If you want your video file to contain a subtitle file, so you don't have distribute the .srt file separately, you need to embed the subtitle file into the video. The video encoding tool ffmpeg2theora has a few command line options to include subtitles in your video.
ffmpeg2theora us available for most operating systems, including Windows, Mac OS X, and GNU/Linux.
Related to subtitles three commands are important:
Lets have a look at some of the required options for using ffmpe2theora for embedding srt files in a Theora video file.
subtitles-language - This option sets the specified language. Every language has a standard code, which helps people describe a language, whatever their own language. For example, in English the language spoken in Germany is called German, but in Germany, it's called Deutsch. To prevent confusion, there is an international standard (ISO 639-1) that represents each language with a two letter code. In our example, the code for German is 'de'.
subtitles-encoding - This option specifies the encoding standard for text, a complexity necessary given varying strategies for representing the wide range of characters used by all languages on earth. For a long time, computers used 7-bit character sets of 127 characters to represent the alphabet and other writing symbols. For example, US-ASCII has 94 printing characters and 33 control codes. Numerous 8-bit character sets, with 256 codes, have appeared since then for alphabets and syllabaries, and several encoding systems using 16-bits for writing systems based on Chinese characters. However, 7 or even 8 bits is not enough space for all the typographical symbols in even one alphabet, much less for the dozens of writing systems in use today. People created the Unicode Character Set to support all languages at once. The UTF-8 encoding of Unicode is specified for use "on the wire", that is, in all external communications between systems.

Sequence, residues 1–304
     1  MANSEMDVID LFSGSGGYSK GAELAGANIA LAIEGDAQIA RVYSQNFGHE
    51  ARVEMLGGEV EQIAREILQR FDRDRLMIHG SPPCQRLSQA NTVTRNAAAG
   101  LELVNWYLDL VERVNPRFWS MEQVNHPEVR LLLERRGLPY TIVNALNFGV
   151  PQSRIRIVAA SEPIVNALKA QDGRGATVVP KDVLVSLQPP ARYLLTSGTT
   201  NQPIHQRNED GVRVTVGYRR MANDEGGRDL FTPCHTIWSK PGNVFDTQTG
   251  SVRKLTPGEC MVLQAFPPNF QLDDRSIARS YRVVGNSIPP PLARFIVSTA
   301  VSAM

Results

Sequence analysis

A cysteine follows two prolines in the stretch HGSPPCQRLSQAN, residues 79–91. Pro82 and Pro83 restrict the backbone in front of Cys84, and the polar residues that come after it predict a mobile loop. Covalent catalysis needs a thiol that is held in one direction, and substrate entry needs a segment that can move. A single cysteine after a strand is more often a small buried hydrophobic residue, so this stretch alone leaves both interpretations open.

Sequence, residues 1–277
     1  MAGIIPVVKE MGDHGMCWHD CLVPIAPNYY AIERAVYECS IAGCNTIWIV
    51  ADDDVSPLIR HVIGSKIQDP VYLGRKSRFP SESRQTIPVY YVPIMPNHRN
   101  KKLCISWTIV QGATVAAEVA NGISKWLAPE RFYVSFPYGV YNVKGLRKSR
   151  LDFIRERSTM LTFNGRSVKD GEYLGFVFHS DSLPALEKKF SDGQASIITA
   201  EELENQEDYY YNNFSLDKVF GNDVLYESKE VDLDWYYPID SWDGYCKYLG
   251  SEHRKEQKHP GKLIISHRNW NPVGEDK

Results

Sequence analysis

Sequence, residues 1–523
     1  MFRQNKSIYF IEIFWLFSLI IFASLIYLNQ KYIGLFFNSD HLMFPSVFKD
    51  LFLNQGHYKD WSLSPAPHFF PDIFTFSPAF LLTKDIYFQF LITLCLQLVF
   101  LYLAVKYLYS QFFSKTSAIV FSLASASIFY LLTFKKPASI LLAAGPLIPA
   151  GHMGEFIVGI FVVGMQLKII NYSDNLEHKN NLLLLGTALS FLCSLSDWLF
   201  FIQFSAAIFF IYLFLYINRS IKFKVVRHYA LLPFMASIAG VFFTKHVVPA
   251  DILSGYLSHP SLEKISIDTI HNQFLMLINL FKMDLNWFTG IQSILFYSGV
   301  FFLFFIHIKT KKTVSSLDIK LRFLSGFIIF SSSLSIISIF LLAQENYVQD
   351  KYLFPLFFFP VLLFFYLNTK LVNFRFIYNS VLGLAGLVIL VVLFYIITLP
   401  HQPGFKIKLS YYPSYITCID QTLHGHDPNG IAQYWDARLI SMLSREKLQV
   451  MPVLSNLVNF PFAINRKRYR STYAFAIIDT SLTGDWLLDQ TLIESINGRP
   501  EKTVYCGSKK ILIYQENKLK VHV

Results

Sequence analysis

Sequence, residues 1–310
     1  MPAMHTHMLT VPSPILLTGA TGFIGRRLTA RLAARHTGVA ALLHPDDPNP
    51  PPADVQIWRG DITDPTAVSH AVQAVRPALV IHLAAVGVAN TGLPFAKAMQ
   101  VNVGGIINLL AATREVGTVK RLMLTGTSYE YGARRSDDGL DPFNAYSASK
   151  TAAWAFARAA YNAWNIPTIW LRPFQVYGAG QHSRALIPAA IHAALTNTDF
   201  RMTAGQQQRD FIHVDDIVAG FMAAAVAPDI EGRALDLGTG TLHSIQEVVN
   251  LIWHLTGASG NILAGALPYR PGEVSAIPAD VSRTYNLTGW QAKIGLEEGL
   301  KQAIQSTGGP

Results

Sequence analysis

However, a lot of people still use old encodings. The bad thing about these is that they overlap, using the same set of codes for completely different characters. The usual result of rendering a text according to an incorrect encoding is gibberish. So, by default, subtitles are expected to be in Unicode UTF-8 encoding. If they are not, you need to tell ffmpeg2theora. If you're writing in English, chances are you'll be writing in ASCII, ISO-8859-1 (Latin-1), or possibly Windows code page 1252. By design, US-ASCII is a subset of UTF-8, so you'll be OK there, but you will get into trouble if you use any extension of ASCII in a Unicode context.
Here are a few examples that take an existing mp4 video file (input.mp4) and output a ogg video file (output.ogg) with embedded subtitles :
If you have a subtitles file in English (the language code for English is 'en'):
ffmpeg2theora input.mp4 --subtitles english-subtitles.srt --subtitles-language en -o output.ogv
If you have a subtitles file in Spanish, encoded in latin1 :
ffmpeg2theora input.mp4 --subtitles spanish.srt --subtitles-language es --subtitles-encoding latin1 -o output.ogv
There are other subtitles options for ffmpeg2theora, but these are the main ones.
If you have a Theora video with no embedded subtitles, it's easy to add some too, without the need to encode the video again. Since each subtitles language is stored in the Ogg file separately, they can be manipulated separately.
Internally, subtitles embedded in an Ogg file are encoded as Kate streams. Such streams are created by ffmpeg2theora, but can also be created 'raw' from a SRT file. The kateenc tool does this. On Ubuntu kateenc is part of the kate-tools package. To install do this:
sudo apt-get install libkate-tools
For instance, the following creates a new English subtitles stream from a SRT file. Remember, the code for English is 'en':
kateenc -t srt -o english-subtitles.ogg english.srt -c SUB -l en
Now you've got a single subtitles stream, which you can add to your Theora video:
oggz-merge -o video-with-subtitles.ogv original-video.ogv english-subtitles.og
On Ubuntu oggz-merge is part of the oggz tools package, to install, do this:
sudo apt-get install oggz-tools
In fact, the oggz tools allow more more powerful manipulation of all the different tracks in the video, so you can add more audio languages too, etc.